The question is how do American citizens and voters want it to end?
Chris Cillizza reports in the Washington Post that Republicans are divided, right wing conservatives versus more moderate Republicans.
America is not right wing. In fact, as more Americans teeter on the brink between bottom middle class and poverty, they are more inclined to be liberal when it comes to social policy.
Since Republicans are stonewalling immigration reform, that will also cost them more of the Latino and immigrant vote.
Those two things alone indicate that it will be impossible for Republicans to win a national presidential election.
While there is much talk about Democrats being vulnerable as a result from Obama’s health care policies, among other disappointments, voters must weigh the two evils.
One party is more empathetic to Americans’ needs while the other is cold hearted and hateful. So what are Boehner’s chances?
First of all, he may not be so well loved in his home state. Second, he may be liked by a slim majority of his own party. He is not a "uniter", and therefore he isn’t likely to be around as Speaker the next time.
“The clean debt-ceiling vote passed the House Tuesday night with the support of just 28 out the 232 Republicans. One of those 28 "yes" votes was House Speaker John Boehner. All of which makes the operative question in Republican circles today: What does the future hold for the speaker?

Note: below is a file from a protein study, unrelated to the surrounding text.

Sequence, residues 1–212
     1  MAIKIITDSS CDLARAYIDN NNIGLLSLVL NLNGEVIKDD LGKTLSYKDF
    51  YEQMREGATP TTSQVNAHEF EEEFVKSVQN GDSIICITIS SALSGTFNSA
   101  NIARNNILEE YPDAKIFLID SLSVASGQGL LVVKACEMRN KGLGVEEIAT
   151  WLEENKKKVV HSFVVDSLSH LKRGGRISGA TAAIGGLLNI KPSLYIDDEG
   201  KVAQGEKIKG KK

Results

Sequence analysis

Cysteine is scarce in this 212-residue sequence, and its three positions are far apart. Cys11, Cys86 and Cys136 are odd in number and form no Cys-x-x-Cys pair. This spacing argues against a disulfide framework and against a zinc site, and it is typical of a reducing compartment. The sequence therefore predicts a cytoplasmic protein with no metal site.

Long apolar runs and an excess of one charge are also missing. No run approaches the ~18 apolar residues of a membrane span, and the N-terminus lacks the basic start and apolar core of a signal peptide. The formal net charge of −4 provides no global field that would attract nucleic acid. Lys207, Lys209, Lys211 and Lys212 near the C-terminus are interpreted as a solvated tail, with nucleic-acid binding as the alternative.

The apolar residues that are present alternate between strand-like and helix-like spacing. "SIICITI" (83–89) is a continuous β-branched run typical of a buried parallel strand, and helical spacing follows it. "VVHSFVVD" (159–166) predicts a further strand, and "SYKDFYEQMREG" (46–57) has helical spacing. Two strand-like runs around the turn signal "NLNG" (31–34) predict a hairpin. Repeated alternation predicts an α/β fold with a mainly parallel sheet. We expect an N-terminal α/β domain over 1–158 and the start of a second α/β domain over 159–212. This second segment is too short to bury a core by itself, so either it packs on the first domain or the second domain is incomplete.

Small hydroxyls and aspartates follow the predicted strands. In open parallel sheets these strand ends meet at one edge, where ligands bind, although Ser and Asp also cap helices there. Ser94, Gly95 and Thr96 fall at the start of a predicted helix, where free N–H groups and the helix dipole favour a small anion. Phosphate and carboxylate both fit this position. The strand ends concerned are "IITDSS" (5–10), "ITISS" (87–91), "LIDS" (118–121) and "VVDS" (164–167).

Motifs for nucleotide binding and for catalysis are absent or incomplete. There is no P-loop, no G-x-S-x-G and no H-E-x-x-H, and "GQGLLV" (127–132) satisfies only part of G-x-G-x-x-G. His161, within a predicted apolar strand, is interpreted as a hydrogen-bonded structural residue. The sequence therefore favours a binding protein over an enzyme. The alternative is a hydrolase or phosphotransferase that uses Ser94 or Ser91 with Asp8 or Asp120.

U.S. House Speaker John Boehner, a Republican from Ohio, speaks during a news conference at the Capitol in Washington, D.C., U.S., on Thursday, Feb. 6, 2014. Boehner said it would be difficult to pass an immigration bill because fellow Republicans don't trust President Barack Obama to implement the law, a position that shrinks chances for House action this year. Photographer: Pete Marovich/Bloomberg
A formal effort to replace Boehner is now underway, launched by the Senate Conservatives Fund. The group is keeping an online whip list of which members stand where on replacing Boehner and has plans to pressure conservative lawmakers to come out for or against him long before the November elections. Idaho Rep. Raul Labrador has said that if Boehner tries to pass immigration reform, "it should cost him his speakership."
And, there are plenty of Boehner allies who wonder privately why he would want a job leading a conference that doesn't want to be led -- and who see signs that he is planning his exit strategy.”